Personal Finance

Reduce Your Winter Bills

winter, snow, gloves, chotchocolate

Staying warm in winter shouldn’t be reliant on your bank balance – but unfortunately, rising fuel costs can mean that it’s a struggle to keep the heating on.

Here are some suggestions for how to reclaim the costs or reduce your bills.

Warm Home Discount Scheme

If you’re eligible for the Warm Home Discount Scheme, then making a claim is probably the most important thing you can do to overcome high heating bills.

It’s a government scheme that gives those on a low income a one-off discount of £140 on their energy bills, credited directly to their fuel account between September and March.

Elderly women keeping warm by fire

Those who already receive the ‘guarantee credit’ element of pension credit should receive their fuel discount automatically. However, it’s also available to younger people with a low income. You’ll need to speak to your energy supplier to check that they’re part of the scheme and, if so, what their eligibility criteria is. They’ll also tell you how you can apply to receive the discount.

There is also a discretionary Cold Weather Payment scheme available from the government for those receiving benefits such as universal credit, income support or pension credit. This is a payment of £25 per week, made automatically during periods of exceptionally cold weather.

Switch your energy supplier

Has your contract with your energy supplier come to an end? If so, it’s likely that you can save some money by switching to a new provider rather than renewing your contract. You can use any of the popular comparison sites to quickly compare deals and check who would be cheapest. Try to make sure that the supplier you choose also has a reasonable reputation for customer service.

Time your heating properly

It’s important to make use of your boiler’s timer controls so that you can make sure you’re heating your home at the right time. Rather than leaving the heating on throughout the day, time it to come on just before you get in from work. Similarly, you should be able to set the timer so that the heating comes on shortly before you get up – making the house nice and toasty when you wake up in the morning.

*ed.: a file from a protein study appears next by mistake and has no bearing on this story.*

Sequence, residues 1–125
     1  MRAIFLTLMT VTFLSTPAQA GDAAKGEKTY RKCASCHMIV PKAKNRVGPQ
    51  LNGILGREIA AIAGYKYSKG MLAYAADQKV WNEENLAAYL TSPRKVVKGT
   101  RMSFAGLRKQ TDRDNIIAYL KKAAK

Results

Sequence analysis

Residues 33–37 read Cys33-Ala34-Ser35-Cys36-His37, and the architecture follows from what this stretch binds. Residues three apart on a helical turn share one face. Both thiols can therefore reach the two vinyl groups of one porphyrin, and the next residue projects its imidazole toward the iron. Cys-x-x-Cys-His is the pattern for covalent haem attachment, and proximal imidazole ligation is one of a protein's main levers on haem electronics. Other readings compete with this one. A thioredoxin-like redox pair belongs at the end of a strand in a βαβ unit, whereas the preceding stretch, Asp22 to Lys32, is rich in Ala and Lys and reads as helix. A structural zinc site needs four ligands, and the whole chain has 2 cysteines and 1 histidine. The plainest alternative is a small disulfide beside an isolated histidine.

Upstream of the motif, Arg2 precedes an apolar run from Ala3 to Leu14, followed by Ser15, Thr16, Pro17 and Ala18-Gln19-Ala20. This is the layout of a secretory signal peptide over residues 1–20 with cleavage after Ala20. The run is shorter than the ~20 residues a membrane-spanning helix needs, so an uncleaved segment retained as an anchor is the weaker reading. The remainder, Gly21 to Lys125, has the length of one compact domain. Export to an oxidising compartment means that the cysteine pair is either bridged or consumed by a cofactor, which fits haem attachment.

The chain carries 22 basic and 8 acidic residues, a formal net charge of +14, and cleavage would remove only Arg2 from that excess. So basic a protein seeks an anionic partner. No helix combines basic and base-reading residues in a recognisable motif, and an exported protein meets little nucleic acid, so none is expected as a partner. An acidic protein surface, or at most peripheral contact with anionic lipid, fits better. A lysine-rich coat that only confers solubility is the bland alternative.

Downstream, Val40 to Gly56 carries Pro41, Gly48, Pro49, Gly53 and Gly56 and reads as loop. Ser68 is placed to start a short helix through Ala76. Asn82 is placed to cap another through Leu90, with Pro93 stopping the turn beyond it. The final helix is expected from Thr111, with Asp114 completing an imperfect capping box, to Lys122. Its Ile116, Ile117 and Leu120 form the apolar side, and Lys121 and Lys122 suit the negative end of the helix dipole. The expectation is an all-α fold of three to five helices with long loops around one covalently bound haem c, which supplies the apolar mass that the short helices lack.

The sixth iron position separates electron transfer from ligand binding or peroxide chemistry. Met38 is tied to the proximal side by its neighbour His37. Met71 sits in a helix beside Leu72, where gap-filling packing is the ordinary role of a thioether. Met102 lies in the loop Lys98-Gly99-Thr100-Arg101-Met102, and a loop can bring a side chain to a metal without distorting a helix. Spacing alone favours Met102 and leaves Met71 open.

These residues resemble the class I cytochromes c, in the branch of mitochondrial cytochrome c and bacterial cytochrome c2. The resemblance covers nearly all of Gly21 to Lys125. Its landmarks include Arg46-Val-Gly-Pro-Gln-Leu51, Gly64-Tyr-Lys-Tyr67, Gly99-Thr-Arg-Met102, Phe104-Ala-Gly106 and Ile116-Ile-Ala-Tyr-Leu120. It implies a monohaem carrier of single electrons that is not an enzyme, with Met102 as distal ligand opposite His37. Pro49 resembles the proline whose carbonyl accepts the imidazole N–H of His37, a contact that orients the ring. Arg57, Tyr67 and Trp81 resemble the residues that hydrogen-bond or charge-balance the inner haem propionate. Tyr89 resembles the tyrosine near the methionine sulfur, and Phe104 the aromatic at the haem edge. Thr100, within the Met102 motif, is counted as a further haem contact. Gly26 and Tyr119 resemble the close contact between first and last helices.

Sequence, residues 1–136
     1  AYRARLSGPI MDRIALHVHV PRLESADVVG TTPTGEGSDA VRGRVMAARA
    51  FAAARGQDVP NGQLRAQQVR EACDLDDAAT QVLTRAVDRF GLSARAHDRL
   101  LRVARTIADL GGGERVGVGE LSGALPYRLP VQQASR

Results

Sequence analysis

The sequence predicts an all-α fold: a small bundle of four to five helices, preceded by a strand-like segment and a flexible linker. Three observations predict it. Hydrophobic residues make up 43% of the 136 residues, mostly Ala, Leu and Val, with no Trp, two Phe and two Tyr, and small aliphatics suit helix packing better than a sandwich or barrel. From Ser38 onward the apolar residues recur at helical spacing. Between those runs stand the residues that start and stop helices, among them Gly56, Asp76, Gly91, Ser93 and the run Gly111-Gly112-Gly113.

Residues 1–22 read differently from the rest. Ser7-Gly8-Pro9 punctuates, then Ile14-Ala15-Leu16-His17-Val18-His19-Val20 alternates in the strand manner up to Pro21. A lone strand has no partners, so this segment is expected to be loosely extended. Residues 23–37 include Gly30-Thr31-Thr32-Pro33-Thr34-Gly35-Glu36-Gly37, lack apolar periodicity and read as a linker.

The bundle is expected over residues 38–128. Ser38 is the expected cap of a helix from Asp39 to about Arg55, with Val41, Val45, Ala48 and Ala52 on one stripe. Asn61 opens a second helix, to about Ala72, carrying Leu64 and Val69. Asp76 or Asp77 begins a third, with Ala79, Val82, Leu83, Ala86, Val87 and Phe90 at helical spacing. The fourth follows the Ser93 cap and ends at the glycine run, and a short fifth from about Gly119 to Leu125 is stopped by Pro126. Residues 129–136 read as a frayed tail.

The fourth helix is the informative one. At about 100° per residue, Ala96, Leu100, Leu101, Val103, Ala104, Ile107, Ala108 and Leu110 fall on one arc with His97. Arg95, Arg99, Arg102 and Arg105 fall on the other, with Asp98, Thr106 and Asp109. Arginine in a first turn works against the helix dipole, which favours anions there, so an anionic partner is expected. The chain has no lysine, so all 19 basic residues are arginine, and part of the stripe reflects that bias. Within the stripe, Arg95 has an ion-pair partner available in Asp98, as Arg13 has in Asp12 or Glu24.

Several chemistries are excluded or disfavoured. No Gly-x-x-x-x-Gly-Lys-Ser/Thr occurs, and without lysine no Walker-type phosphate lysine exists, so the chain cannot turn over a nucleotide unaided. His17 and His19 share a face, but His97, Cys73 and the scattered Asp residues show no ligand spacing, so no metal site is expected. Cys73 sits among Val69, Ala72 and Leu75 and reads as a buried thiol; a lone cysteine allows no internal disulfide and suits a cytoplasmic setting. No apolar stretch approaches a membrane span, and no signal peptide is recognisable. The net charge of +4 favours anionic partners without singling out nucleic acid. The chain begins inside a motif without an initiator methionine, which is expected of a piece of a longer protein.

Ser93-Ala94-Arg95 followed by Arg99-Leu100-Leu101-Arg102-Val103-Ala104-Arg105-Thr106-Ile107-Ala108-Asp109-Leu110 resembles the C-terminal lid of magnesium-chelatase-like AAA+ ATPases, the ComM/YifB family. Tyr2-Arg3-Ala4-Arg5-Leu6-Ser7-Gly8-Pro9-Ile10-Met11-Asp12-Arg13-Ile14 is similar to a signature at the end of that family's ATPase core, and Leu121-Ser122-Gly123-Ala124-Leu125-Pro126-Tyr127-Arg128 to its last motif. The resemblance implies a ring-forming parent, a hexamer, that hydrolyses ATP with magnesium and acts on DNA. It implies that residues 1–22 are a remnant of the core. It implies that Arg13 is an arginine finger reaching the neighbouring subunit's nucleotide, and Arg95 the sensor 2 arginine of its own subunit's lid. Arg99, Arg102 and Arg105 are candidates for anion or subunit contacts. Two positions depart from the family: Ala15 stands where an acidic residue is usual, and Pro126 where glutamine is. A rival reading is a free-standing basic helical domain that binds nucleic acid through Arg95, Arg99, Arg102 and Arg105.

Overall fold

Control for heating and water

If you’re the kind of person that finds themselves forgetting to turn the heating off then timers should help you here, too. Just make sure that it’s set to switch itself off automatically after a couple of hours.

Interestingly, it’s now law that all new boiler installations must be installed with controls, which was part of the Boiler Plus reforms, which aim to increase the energy efficiency of UK homes and attempt to reduce carbon emissions.

Make the most of the heat you have

Once you’ve decided to put the heating on, it’s important to make the most of it. This can be as simple as making sure that you close all of the doors in the house to lock heat into the room that you’re actually using. If there are unoccupied rooms then you can also consider turning the radiators right down in those areas.

Draughts can be a big problem, causing heat to escape through cracks in your doors and windows. Draught seal tape can be picked up for less than a fiver, and used to close that gap and keep more heat in. You could even consider making your own draught excluder to put by the door: all it takes is a pair of old tights stuffed with socks.

Hopefully, some of these tips will help you heat your home for less over the winter. But if you’re really struggling, there’s help out there. Contact Simple Energy Advice for tailored support.

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